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Page 16
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My 1968 Story

By Albert Penta

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January 1968 found me on a destroyer at Pearl Harbor. I was a petty officer first-class (E-6) and had over 9 years in the US Navy. A few months earlier, I had filed as a Conscientious Objector at my previous duty station, the University of Washington. The Navy had selected me for a special program, paying for my education to get a degree in oceanography and become an officer. I started as a freshman at the UW in 1964 right after the Tonkin Gulf "incident." I learned a lot of things at college, but mostly I learned what Vietnam and the burgeoning war there was all about. That was the basis of filing to leave military "service."

In mid-January, the answer came back from Washington, DC. My division officer informed me: "Penta, your request for CO was denied. You'll be sailing with the ship when we leave for WestPac next week." Well, the ship left to cross the Pacific, but I wasn't on it. I jumped ship and flew back to Seattle. I was AWOL for a month and finally turned myself in at Pier 91 Naval Base, Seattle.

A crusty old World War II warrant officer was on duty and I told him my situation. He became really pissed, calling me an unpatriotic commie: "I'd throw you into the brig, but I don't want you to contaminate the younger enlisted men." So, I got locked up for 32 days in a rather comfortable solitary confinement building that was a former officer's quarters.

In early April at my court-martial, I was charged with 30 days AWOL and the more serious charge of missing the ship's movement. I had a great Quaker lawyer, Bill Hanson, who had helped me the previous year in filing as a CO. The court-martial board was open and sympathetic. Though I was fined and busted in rank, they told me to re-file as a CO and I would be given a temporary job on base. I was free for every night liberty. While celebrating at home that afternoon with Bill and my family, we got the sad news—it was April 4th, 1968. Martin Luther King, Jr. had just been shot and killed.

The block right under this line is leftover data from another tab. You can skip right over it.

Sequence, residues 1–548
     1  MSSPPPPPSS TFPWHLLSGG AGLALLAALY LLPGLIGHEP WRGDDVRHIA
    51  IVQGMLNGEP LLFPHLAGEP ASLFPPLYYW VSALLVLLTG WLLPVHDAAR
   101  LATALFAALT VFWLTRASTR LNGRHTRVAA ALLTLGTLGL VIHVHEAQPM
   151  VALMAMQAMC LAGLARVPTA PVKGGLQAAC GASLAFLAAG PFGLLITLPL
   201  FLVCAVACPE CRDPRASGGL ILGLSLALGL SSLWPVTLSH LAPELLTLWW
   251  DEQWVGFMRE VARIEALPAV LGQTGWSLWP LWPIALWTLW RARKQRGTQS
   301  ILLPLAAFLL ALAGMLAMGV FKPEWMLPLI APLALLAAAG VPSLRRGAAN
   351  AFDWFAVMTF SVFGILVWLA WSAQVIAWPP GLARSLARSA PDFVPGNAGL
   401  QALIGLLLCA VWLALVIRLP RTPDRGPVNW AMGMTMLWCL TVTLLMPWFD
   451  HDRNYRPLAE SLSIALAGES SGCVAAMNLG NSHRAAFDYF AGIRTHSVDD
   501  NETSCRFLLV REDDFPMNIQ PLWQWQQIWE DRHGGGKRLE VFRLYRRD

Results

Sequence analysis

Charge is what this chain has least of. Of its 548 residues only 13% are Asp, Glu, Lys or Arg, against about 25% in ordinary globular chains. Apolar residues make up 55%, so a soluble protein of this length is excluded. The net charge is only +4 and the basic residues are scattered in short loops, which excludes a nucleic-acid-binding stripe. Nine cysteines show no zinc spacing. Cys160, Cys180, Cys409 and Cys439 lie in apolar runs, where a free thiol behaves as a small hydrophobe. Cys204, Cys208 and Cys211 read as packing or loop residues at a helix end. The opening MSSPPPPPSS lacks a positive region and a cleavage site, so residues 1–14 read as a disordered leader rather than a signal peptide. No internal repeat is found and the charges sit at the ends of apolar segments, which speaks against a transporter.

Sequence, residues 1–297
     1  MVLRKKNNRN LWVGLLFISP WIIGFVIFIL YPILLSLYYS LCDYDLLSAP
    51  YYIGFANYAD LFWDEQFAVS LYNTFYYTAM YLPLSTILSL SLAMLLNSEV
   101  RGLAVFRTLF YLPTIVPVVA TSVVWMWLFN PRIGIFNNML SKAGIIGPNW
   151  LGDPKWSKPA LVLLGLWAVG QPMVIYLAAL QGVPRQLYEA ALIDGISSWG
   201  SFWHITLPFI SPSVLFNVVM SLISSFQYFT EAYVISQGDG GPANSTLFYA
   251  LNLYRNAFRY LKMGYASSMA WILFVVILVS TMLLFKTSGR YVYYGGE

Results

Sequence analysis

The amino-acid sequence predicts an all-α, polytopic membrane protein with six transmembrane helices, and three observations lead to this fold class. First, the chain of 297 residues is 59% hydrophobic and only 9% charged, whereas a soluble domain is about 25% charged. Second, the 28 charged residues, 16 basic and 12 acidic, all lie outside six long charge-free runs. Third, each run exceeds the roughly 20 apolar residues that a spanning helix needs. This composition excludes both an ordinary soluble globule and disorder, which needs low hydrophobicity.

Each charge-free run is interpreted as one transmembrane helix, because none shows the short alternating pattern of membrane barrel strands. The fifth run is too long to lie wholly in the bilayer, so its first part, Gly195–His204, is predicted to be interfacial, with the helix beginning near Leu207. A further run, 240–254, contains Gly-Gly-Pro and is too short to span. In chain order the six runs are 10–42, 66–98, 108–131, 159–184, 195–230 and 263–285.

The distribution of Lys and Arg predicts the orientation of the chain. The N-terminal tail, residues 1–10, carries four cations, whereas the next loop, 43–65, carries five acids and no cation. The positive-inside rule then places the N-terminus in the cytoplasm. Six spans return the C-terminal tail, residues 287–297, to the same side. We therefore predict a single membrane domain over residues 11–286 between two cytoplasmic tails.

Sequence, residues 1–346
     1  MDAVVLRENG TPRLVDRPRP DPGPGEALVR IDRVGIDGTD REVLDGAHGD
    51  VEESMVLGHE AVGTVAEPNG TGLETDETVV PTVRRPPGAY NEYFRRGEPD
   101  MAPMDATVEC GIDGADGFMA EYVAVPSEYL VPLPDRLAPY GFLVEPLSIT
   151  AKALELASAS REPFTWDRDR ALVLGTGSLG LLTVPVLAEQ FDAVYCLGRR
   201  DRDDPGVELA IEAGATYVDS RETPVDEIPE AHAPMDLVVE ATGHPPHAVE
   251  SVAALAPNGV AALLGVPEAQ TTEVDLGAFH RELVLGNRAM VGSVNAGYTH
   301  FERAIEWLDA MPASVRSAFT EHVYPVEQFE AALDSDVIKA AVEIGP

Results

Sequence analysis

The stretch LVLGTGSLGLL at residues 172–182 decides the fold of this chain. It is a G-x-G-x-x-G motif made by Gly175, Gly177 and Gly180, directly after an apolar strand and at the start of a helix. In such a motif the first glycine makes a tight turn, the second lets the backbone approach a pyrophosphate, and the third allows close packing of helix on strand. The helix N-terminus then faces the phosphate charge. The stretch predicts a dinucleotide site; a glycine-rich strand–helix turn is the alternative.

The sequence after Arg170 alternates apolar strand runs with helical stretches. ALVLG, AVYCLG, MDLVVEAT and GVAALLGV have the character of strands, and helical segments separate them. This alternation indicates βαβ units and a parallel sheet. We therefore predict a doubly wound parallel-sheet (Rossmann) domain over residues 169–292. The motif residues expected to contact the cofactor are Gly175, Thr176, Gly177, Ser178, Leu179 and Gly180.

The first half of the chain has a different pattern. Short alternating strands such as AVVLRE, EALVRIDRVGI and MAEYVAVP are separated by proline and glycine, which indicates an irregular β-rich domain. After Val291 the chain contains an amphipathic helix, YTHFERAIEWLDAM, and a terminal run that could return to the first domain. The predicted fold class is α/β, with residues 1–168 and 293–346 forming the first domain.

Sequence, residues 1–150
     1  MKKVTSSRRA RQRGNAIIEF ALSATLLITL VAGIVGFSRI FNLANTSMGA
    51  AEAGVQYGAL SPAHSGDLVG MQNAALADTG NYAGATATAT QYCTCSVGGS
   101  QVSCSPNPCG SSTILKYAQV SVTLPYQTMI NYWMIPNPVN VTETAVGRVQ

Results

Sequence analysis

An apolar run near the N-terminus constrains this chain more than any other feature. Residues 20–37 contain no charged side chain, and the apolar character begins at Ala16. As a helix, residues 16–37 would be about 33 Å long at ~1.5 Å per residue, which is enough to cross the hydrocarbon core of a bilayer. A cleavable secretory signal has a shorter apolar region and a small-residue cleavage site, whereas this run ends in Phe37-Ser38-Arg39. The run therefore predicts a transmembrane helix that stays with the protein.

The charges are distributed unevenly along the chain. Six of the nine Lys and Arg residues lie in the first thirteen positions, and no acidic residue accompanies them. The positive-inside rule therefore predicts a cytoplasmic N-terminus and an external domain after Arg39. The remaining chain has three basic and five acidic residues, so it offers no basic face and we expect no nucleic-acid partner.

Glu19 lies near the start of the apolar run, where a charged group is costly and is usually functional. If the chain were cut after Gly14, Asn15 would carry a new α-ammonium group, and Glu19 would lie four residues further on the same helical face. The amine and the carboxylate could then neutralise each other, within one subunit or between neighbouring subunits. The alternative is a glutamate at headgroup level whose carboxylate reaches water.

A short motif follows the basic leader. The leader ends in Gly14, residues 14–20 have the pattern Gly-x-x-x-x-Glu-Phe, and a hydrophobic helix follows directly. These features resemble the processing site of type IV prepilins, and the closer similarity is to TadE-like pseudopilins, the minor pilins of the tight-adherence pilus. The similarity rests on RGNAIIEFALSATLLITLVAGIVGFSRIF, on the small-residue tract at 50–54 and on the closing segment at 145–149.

The next day I went to get my job assignment from that same old warrant officer. He was really seriously pissed this time: "I can't believe they let you off! You should have been sent to Leavenworth if not sent to the firing squad." He ruminated for a minute and slowly said that he would give me "the most demeaning job possible to shame me in front of everyone." I figured that meant that I'd be scrubbing toilets. But no, he gave the job of "bicycle messenger boy." Wow, what a good gig that turned out to be. For the rest of 1968, I rode a bike all over the base, met other military miscreants—gays, tokers, brawlers, and other assorted trouble-makers. We formed an informal peace group, distributed leaflets, put up stickers, and did general mischief around the base. The Navy never did recognize me as a CO. At the end of 1968, they decided that they would discharge me "at the convenience of the government."

As a veteran, I continued organizing against the war in Vietnam. Fifty years later, I continue my lifelong commitment to anti-war work, for the past twelve years with Veterans For Peace.

Albert Penta, 77, is a US Navy veteran who served from 1958-1968. He is a long-time peace and justice activist in the Seattle area.

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